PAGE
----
Lüderitzbuchter (Lüderitz Bay) locals are called “buchters”, kind of like folks from Boston are called Bostonians. There's a mix of black and white and brown people, but all seem friendly and cordial. Everyone greets us with a smile and a hello and a how-are-you. Our first conversation with a local was with Andy while he was working on his trimaran. He pointed us to our mooring, if you'll remember. He's since come over for wine aboard and we've had the chance to learn more about him. A Brit, he's a diver and came for the diamonds and never left. He rows out and works on his boat daily in hopes of sailing off into the sunset sometime in the near future.
Liz at Lüderitz Safaris and Tours is an absolute sweetheart … knowledgeable, pleasant and happy to share local info.
When we bought our Namibian courtesy flag from her, I asked about the woman who made the flags. Her method of making flags with fabric paint on duck cloth was unusual and I was interested in learning more as an alternative to sewing them. Well, Liz called Doris and they set up a get together for sundowners one evening. We met Liz at the shop and rode with her to Doris and Ian's house, a short distance from the waterfront. We had a great evening learning about each other.
Doris is German and her husband, Ian, is a Scot. They're ex-cruisers and Ian was actually the Port Captain here in Lüderitz for several years. It wasn't far into the conversation before we were comparing passages and routes and folks we'd met along the way. Not so amazingly, we knew some of the same people. I learned about Doris' little fabric-painting enterprise. She's a very creative woman and makes other fabric painted products and crafts, as well as courtesy flags.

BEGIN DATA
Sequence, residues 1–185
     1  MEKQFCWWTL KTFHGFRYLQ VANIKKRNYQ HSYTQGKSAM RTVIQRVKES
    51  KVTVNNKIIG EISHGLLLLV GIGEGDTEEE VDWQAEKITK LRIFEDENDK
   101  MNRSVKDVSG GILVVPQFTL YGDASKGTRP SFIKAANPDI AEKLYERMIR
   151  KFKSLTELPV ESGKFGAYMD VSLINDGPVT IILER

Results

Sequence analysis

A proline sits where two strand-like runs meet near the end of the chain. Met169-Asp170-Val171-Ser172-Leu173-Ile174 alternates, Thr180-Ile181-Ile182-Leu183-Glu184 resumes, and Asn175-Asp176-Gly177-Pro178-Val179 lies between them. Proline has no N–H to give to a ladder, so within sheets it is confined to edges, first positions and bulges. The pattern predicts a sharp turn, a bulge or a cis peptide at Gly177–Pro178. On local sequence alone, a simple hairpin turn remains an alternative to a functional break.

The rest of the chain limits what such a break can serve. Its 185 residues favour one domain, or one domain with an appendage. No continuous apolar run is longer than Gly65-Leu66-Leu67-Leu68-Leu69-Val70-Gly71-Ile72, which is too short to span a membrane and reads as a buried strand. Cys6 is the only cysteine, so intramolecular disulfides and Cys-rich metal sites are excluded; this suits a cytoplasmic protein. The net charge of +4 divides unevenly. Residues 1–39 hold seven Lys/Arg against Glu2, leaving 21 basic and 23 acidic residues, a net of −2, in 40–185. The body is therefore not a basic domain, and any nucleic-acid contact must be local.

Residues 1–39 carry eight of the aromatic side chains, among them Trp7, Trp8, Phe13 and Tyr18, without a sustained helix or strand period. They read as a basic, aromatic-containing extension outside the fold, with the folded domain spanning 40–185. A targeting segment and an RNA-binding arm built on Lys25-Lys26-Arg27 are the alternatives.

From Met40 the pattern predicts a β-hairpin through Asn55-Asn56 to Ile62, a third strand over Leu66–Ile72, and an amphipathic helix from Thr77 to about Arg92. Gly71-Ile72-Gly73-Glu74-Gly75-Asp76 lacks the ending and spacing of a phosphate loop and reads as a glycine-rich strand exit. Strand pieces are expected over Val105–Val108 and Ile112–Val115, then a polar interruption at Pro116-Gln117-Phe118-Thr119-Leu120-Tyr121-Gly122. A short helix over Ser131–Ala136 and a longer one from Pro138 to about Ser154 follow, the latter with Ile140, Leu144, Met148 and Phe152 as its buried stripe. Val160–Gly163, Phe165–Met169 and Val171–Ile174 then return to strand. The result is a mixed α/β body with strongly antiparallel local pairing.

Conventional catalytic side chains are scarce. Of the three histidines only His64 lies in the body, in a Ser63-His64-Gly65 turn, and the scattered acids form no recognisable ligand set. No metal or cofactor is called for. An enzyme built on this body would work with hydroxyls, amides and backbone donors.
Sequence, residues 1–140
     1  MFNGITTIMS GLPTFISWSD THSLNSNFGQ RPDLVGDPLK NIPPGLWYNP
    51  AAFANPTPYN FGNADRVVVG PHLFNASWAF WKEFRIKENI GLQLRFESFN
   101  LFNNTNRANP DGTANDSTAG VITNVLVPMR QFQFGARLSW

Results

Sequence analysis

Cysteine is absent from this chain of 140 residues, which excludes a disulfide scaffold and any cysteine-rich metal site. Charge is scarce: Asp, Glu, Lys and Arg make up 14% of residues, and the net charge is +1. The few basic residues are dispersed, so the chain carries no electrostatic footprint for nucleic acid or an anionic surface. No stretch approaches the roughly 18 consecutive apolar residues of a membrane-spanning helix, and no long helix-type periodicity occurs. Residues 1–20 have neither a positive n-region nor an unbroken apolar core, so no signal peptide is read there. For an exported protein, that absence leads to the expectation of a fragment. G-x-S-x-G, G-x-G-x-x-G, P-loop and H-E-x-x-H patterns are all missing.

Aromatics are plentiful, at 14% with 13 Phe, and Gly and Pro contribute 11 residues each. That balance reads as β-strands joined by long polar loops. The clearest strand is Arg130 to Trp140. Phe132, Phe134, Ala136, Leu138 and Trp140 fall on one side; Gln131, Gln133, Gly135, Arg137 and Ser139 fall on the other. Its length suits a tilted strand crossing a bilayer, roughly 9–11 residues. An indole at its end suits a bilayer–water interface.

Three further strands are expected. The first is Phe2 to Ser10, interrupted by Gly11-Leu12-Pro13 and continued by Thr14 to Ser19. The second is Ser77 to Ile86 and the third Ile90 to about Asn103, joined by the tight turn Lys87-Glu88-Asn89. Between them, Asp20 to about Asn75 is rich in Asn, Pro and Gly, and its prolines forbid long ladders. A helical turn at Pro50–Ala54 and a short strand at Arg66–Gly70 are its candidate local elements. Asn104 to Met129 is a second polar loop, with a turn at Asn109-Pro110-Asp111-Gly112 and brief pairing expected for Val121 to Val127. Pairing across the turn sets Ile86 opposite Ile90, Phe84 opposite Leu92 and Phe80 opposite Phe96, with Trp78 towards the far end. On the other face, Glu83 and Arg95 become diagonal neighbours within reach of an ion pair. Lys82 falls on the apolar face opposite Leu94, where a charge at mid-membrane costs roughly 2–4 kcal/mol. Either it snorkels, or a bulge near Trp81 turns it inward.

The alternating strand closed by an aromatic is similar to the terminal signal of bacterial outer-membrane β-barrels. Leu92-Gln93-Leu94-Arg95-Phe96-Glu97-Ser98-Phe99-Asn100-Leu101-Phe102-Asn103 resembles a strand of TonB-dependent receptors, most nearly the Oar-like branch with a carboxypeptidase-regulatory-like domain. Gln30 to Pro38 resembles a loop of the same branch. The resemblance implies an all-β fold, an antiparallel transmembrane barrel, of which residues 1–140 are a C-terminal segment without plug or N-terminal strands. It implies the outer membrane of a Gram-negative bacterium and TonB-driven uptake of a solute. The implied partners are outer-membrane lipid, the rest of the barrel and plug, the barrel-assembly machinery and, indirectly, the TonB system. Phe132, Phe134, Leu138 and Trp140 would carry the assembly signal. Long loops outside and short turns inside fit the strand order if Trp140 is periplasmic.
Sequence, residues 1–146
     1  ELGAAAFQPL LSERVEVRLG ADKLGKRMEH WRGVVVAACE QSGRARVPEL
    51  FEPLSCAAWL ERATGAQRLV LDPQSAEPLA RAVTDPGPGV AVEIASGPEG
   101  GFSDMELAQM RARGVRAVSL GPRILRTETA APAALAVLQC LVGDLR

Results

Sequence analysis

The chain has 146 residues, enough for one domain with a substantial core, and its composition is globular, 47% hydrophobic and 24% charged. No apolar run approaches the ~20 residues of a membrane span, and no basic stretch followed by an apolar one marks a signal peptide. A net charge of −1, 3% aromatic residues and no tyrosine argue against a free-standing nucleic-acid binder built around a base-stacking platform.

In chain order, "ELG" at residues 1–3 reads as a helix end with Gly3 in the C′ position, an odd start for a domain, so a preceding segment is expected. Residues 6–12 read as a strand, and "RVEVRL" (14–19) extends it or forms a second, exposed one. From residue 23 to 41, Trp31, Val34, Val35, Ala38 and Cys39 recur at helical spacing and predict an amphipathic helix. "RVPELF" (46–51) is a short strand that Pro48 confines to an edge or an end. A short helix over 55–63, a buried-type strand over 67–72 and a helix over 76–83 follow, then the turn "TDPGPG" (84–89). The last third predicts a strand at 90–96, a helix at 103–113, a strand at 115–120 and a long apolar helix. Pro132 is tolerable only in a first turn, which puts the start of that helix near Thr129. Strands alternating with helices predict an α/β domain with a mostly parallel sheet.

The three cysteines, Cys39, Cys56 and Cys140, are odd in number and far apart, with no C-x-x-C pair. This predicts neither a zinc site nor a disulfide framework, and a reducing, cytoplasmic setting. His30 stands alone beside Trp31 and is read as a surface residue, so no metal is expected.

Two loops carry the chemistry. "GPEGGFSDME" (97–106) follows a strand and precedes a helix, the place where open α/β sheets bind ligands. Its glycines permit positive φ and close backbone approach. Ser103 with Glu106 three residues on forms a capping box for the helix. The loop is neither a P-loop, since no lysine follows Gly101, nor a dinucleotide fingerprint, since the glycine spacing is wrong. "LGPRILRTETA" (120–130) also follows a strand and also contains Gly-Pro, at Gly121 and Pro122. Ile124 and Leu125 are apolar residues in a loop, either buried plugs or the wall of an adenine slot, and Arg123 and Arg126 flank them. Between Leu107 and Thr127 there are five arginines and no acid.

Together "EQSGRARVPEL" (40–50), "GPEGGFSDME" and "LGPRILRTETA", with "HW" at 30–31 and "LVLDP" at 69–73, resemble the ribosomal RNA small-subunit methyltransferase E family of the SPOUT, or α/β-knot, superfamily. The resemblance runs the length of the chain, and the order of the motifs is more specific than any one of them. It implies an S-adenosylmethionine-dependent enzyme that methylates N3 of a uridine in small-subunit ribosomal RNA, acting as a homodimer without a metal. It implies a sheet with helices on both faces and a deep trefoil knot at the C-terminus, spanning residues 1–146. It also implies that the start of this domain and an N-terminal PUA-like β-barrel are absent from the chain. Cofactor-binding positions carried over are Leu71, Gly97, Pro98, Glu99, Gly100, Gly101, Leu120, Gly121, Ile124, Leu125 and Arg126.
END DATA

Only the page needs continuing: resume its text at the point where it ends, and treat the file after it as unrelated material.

Quite unexpectedly and most graciously, Doris offered the use of her washer for our heaps of dirty laundry. She also offered hot showers (a hint, perhaps?)… and lettuce from her garden. Once a cruiser … always a cruiser. What a generous offer. No need to offer twice ...we brought over the laundry the next morning.
I spent a most pleasant morning with Doris. She's an animal lover. She has two solid black cats that follow her around like puppies. Additionally, several neighborhood cats stop in for snacks quite regularly. She also has three tortoises that she adopted when they were abandoned. Hugo is her favorite and she found him sunning himself in the back yard and introduced us.
We keep meeting more and more locals. There's Evaldine, the Port Control Officer, who checked us in and who's continued to help sort out a possible long term mooring for a friend hoping to visit Luderitz soon. Then there's Maritje at BB Car Hire. She and her family are heading to the USA for an archery competition and vacation in August and she was interested in chatting about their impending visit. And when we were returning to our dinghy one day, we met Heiko, who is captain of the Zeepard, the local harbor sightseeing boat. We spoke for a few minutes while he was boarding passengers. It turns out he and his wife are also ex-cruisers, and we have mutual friends in common.
Each day, we learn a little more about the town and its people. All in all, this is a fine, friendly, pleasant place to be. It's relatively safe and secure and perfect for cruisers like us. When will we be moving on? Not any time too soon.